It is generally held by academics specializing in the archaeology and paleobotany of Ancient Israel, and those specializing in the lexicography of the Hebrew Bible that cannabis is not documented or mentioned in early Judaism. Against this some popular writers have argued that there is evidence for religious use of cannabis in the Hebrew Bible,[26][27] although this hypothesis and some of the specific case studies (e.g., John Allegro in relation to Qumran, 1970) have been “widely dismissed as erroneous, others continue”.[28]

According to The Living Torah, cannabis may have been one of the ingredients of the holy anointing oil mentioned in various sacred Hebrew texts.[29] The herb of interest is most commonly known as kaneh-bosm (Hebrew: -). This is mentioned several times in the Old Testament as a bartering material, incense, and an ingredient in holy anointing oil used by the high priest of the temple. Although Chris Bennett’s research in this area focuses on cannabis, he mentions evidence suggesting use of additional visionary plants such as henbane, as well.[30]

The Septuagint translates kaneh-bosm as calamus, and this translation has been propagated unchanged to most later translations of the old testament. However, Polish anthropologist Sula Benet published etymological arguments that the Aramaic word for hemp can be read as kannabos and appears to be a cognate to the modern word ‘cannabis’,[31] with the root kan meaning reed or hemp and bosm meaning fragrant. Both cannabis and calamus are fragrant, reedlike plants containing psychotropic compounds.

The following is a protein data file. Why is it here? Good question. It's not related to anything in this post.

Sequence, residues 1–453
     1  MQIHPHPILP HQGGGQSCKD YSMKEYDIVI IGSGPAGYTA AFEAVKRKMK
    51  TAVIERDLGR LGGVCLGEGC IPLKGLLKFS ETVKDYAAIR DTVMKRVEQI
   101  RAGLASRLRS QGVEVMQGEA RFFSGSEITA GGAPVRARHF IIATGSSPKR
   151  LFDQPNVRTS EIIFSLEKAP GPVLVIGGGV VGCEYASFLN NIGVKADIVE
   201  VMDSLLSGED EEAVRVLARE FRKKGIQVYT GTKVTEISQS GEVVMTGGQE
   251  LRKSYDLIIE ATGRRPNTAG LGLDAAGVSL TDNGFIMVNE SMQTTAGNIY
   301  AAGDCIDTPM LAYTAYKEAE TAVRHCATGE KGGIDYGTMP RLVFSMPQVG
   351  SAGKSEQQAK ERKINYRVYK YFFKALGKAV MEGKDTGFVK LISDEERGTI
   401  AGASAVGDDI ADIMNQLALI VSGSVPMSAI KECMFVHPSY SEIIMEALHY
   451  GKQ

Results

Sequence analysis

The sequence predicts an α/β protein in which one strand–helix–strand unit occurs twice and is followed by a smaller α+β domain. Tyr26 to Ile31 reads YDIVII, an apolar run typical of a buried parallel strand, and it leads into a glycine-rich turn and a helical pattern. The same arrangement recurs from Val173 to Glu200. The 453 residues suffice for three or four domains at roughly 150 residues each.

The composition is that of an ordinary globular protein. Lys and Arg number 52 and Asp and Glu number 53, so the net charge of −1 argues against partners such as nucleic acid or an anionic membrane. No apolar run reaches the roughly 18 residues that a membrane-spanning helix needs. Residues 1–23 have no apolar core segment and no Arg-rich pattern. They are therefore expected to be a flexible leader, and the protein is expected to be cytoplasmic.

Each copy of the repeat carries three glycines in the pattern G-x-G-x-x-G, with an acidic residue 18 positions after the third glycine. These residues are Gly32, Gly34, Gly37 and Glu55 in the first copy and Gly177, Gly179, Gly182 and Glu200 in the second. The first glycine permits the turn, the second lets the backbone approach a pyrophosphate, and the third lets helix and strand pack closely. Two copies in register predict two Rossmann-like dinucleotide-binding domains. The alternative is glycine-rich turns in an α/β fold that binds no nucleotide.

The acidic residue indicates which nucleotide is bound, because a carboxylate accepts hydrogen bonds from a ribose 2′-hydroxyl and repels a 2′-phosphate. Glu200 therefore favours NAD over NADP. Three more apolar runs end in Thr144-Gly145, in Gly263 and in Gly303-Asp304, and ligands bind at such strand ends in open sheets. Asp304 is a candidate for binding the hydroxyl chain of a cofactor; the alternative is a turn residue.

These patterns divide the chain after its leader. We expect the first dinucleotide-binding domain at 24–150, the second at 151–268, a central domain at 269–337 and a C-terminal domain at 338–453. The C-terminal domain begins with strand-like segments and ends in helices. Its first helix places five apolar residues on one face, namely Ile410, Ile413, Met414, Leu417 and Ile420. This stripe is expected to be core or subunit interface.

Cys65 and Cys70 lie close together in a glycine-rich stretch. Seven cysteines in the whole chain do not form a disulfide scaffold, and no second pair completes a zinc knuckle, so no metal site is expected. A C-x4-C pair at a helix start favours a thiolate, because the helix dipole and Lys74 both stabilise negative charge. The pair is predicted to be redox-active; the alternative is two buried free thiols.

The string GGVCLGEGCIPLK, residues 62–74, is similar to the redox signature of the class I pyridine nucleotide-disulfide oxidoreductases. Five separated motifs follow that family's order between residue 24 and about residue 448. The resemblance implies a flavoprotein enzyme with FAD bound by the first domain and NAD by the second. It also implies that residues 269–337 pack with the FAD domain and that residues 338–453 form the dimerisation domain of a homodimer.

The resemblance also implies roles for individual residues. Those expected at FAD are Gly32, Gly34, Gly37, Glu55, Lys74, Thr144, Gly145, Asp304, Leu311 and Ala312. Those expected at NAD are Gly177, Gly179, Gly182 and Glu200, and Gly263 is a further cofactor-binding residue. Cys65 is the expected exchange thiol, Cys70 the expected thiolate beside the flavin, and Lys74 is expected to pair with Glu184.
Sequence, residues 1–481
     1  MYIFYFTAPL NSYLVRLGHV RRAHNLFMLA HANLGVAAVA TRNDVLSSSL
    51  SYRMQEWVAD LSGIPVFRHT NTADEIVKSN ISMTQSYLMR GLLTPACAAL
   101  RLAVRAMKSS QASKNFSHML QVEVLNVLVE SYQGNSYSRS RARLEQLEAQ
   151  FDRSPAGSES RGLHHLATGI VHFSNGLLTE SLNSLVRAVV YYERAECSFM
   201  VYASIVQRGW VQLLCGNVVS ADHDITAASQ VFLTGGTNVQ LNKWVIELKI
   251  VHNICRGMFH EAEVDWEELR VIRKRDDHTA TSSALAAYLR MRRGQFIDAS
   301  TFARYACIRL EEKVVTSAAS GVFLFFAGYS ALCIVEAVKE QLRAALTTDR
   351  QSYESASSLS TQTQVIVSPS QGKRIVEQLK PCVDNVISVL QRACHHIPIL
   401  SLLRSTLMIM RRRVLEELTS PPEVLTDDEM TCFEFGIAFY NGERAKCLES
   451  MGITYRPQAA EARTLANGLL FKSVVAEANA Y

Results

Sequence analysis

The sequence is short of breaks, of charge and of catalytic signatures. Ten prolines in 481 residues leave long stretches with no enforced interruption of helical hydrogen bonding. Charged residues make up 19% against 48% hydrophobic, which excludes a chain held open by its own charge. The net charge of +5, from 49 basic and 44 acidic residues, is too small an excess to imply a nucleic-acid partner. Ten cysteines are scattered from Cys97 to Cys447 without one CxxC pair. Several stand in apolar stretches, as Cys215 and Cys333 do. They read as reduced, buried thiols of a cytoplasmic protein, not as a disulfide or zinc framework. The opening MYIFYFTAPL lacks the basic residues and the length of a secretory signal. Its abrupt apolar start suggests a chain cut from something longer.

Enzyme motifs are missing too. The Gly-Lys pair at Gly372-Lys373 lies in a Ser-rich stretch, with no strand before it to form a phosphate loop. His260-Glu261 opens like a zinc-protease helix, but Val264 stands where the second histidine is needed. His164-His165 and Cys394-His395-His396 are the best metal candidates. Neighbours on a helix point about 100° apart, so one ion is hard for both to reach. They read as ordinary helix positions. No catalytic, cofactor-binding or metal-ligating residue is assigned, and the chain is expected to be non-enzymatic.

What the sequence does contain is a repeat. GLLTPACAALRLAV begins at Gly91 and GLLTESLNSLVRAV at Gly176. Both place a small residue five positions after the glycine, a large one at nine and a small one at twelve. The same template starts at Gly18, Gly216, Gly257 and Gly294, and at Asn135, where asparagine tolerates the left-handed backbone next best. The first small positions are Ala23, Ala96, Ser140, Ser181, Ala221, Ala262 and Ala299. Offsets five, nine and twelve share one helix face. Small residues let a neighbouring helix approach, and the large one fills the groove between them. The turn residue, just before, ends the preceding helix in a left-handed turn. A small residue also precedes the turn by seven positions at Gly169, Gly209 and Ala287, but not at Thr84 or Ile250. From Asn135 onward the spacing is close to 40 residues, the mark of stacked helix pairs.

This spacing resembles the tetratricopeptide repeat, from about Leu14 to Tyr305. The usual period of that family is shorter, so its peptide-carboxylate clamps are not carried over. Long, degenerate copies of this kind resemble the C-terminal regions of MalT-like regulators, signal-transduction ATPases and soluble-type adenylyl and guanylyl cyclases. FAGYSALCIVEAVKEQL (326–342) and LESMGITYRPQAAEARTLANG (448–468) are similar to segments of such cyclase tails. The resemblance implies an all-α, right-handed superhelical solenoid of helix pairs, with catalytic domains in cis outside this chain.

In his research, Professor Dan Merkur points to significant evidence of an awareness within the Jewish mystical tradition recognizing manna as an entheogen, thereby substantiating with rabbinic texts theories advanced by the superficial biblical interpretations of Terence McKenna, R. Gordon Wasson and other ethnomycologists.

Although philologist John Marco Allegro has suggested that the self-revelation and healing abilities attributed to the figure of Jesus may have been associated with the effects of the plant medicines, this evidence is dependent on pre-Septuagint interpretation of Torah and Tenach. Allegro was the only non-Catholic appointed to the position of translating the Dead Sea scrolls. His extrapolations are often the object of scorn due to Allegro’s non-mainstream theory of Jesus as a mythological personification of the essence of a “psychoactive sacrament”. Furthermore, they conflict with the position of the Catholic Church with regard to transubstantiation and the teaching involving valid matter, form, and drug that of bread and wine (bread does not contain psychoactive drugs, but wine contains ethanol). Allegro’s book The Sacred Mushroom and the Cross relates the development of language to the development of myths, religions, and cultic practices in world cultures. Allegro believed he could prove, through etymology, that the roots of Christianity, as of many other religions, lay in fertility cults, and that cult practices, such as ingesting visionary plants (or “psychedelics”) to perceive the mind of God, persisted into the early Christian era, and to some unspecified extent into the 13th century with reoccurrences in the 18th century and mid-20th century, as he interprets the Plaincourault chapel’s fresco to be an accurate depiction of the ritual ingestion of Amanita muscaria as the Eucharist.[citation needed]

The historical picture portrayed by the Entheos journal is of fairly widespread use of visionary plants in early Christianity and the surrounding culture, with a gradual reduction of use of entheogens in Christianity.[32] R. Gordon Wasson’s book Soma prints a letter from art historian Erwin Panofsky asserting that art scholars are aware of many “mushroom trees” in Christian art.[33]